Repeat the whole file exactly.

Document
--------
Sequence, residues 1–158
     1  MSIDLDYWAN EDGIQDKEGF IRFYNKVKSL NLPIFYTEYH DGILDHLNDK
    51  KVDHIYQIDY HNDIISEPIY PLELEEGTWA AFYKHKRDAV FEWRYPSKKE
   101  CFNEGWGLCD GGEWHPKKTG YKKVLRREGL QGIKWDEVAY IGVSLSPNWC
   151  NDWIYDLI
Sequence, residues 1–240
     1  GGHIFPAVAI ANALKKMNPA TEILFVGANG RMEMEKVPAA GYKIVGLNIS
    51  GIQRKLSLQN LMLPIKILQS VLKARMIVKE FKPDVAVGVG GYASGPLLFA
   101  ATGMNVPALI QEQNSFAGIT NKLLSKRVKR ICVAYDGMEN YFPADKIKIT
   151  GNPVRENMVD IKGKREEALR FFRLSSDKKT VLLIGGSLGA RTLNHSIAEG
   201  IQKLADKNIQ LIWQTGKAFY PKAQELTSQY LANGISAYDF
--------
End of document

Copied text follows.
Sequence, residues 1–158
     1  MSIDLDYWAN EDGIQDKEGF IRFYNKVKSL NLPIFYTEYH DGILDHLNDK
    51  KVDHIYQIDY HNDIISEPIY PLELEEGTWA AFYKHKRDAV FEWRYPSKKE
   101  CFNEGWGLCD GGEWHPKKTG YKKVLRREGL QGIKWDEVAY IGVSLSPNWC
   151  NDWIYDLI
Sequence, residues 1–240
     1  GGHIFPAVAI ANALKKMNPA TEILFVGANG RMEMEKVPAA GYKIVGLNIS
    51  GIQRKLSLQN LMLPIKILQS VLKARMIVKE FKPDVAVGVG GYASGPLLFA
   101  ATGMNVPALI QEQNSFAGIT NKLLSKRVKR ICVAYDGMEN YFPADKIKIT
   151  GNPVRENMVD IKGKREEALR FFRLSSDKKT VLLIGGSLGA RTLNHSIAEG
   201  IQKLADKNIQ LIWQTGKAFY PKAQELTSQY LANGISAYDF